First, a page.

- metaphorically plucks out the right eye and cuts off the right hand rather than allow them to be used as instruments leading to sin (Matt. 5:29, 30)
- and those who obey Him (Heb. 5:9)
We discover in these verses the sum and substance of saving faith. We do not have a full comprehension of these truths when we believe, however these statements will be true of everyone who believes. Scripture leaves no exceptions. Any person who does not demonstrate these characteristics cannot be said to have saving faith. These are the just who live by faith—they believe in Christ. The one who confesses in Romans 10:9, is the one that abides in Him and keeps His commandments in 1 John 3:24. The believer of John 3:16 is the one who keeps His Word in John 8:51 and hates his life in this world in John 12:25. It is with this understanding of faith that it becomes apparent as to why it is difficult, particularly for a rich man, to enter the kingdom of God and generally why so few find it. The more content one is in this present age, the more opportunity one has to indulge in all the sinful propensities of the flesh, the more attached one is to the temporal pleasures and comforts of this world, the less willing he is to believe in Christ with all the implications thereof. It says in 1 John 3:17, "If anyone has the world's goods and sees his brother in need, yet closes his heart against him, how does God's love abide in him?" How can anyone who has the love of God in their hearts, love and compassion for the weak and sick, the hurting and down-trodden, live in extravagance in such a needy world? Jesus said to the rich man in Matthew 19:21-22, “If you would be perfect, go, sell what you possess and give to the poor, and you will have treasure in heaven; and come, follow me. When the young man heard this he went away sorrowful, for he had great possessions." He had kept the external law v. 20, but was empty in regards to the true intent of the law which is love. Likewise, giving away all our possessions to the poor without love is equally unprofitable. Paul says, ...If I give all my possessions to feed the poor...but do not have love, it profits me nothing (1 Cor. 13:3). In other words, mere externals, no matter how virtuous they may appear, will profit us nothing if done apart from the motive of love which God works in our hearts by grace.
Riches are often a contributing factor to pride. For the proud to be humbled in such a way as to deny themselves by becoming the servant or slave of another (Rom. 6:22), particularly when they themselves are frequently accustomed to being the ones served, is very difficult indeed. “God resists the proud, but gives grace to the humble.” Adam Clarke writes,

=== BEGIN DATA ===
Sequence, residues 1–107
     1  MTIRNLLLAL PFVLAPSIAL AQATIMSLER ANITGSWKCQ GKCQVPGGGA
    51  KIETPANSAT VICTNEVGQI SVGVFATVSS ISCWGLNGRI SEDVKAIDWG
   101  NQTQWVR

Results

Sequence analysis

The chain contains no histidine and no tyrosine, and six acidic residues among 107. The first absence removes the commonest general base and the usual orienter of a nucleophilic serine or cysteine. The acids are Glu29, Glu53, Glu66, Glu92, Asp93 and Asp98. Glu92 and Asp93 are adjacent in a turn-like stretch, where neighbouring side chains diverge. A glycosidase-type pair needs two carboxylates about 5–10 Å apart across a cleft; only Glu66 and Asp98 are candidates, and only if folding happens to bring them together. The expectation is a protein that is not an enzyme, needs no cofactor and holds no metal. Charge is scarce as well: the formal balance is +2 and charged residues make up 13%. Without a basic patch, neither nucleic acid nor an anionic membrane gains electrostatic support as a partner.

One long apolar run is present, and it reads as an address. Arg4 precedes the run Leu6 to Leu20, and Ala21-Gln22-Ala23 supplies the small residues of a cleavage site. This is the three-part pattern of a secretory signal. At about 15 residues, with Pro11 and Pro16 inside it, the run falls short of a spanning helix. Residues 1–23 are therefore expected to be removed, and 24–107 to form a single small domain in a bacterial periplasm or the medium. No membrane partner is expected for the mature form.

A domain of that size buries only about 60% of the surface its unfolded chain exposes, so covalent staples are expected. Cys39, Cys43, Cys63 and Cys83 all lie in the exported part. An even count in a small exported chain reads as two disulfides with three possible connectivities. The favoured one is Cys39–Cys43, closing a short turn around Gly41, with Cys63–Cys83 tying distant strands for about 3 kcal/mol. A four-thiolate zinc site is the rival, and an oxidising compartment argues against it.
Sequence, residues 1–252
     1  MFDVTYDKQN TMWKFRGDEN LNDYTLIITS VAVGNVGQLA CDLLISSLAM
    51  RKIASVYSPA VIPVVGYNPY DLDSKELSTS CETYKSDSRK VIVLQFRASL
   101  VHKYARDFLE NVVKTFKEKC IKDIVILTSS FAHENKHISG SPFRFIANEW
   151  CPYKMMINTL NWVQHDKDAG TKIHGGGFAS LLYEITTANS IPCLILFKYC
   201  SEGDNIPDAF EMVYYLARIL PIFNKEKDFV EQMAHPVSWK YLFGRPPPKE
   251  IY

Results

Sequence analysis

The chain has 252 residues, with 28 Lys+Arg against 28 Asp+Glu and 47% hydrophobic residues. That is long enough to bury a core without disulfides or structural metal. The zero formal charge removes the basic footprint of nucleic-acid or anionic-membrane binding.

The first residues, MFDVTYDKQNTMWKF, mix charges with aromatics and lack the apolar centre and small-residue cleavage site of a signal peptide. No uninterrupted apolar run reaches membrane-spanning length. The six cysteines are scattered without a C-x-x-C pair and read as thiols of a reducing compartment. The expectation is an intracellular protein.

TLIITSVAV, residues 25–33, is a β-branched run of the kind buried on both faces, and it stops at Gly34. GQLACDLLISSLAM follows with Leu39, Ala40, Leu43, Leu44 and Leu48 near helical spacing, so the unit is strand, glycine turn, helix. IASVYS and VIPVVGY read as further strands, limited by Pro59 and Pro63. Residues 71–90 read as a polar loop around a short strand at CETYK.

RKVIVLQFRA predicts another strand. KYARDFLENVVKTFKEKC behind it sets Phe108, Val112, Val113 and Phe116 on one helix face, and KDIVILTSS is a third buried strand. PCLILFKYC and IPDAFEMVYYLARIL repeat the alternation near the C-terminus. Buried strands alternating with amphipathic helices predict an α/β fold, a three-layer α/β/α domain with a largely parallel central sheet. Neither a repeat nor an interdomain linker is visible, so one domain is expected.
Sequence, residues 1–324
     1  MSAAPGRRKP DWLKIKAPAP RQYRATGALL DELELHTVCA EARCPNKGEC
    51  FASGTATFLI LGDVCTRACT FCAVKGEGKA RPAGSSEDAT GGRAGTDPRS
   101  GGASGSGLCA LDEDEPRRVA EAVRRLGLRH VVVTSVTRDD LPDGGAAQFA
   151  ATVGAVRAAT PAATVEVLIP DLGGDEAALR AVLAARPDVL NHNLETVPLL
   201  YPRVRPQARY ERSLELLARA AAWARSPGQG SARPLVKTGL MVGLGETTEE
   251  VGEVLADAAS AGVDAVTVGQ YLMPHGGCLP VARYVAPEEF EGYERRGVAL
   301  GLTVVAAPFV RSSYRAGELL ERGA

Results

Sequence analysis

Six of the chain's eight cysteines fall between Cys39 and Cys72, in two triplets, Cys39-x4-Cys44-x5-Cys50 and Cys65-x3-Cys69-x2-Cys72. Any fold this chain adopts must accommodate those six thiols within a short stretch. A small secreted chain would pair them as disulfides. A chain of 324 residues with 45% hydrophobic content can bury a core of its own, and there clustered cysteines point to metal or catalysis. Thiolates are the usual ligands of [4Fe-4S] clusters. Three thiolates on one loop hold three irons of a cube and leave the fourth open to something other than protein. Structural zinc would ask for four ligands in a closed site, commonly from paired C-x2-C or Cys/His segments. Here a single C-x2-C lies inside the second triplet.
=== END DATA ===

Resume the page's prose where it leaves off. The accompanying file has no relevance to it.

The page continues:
Earthly riches are a great obstacle to salvation; because it is almost impossible to possess them, and not to set the heart upon them; and they who love the world have not the love of the Father in them. 1 John 2:15. To be rich, therefore, is in general a great misfortune: but what rich man can be convinced of this? It is only God himself who, by a miracle of mercy, can do this. Christ himself affirms the difficulty of the salvation of a rich man, with an oath, verily; but who of the rich either hears or believes him!22
Calvin, speaking of the narrow way, writes,
Christ here reminds his disciples, that they must prepare to walk, as it were, along a narrow and thorny road but as it is difficult to restrain our desires from wicked licentiousness and disorder, he soothes this bitterness by a joyful remuneration, when he tells us, that the narrow gate, and the narrow road, lead to life. Lest we should be captivated, on the other hand, by the allurements of a licentious and dissolute life, and wander as the lust of the flesh draws us, he declares that they rush headlong to death, who choose to walk along the broad road, and through the wide gate, instead of keeping by the strait gate, and narrow way, which lead to life.
He expressly says, that many run along the broad road: because men ruin each other by wicked examples. For whence does it arise, that each of them knowingly and wilfully rushes headlong, but because, while they are ruined in the midst of a vast crowd, they do not believe that they are ruined? The small number of believers, on the other hand, renders many persons careless. It is with difficulty that we are brought to renounce the world, and to regulate ourselves and our life by the manners of a few. We think it strange that we should be forcibly separated from the vast majority, as if we were not a part of the human race. But though the doctrine of Christ confines and hems us in, reduces our life to a narrow road, separates us from the crowd, and unites us to a few companions, yet this harshness ought not to prevent us from striving to obtain life.23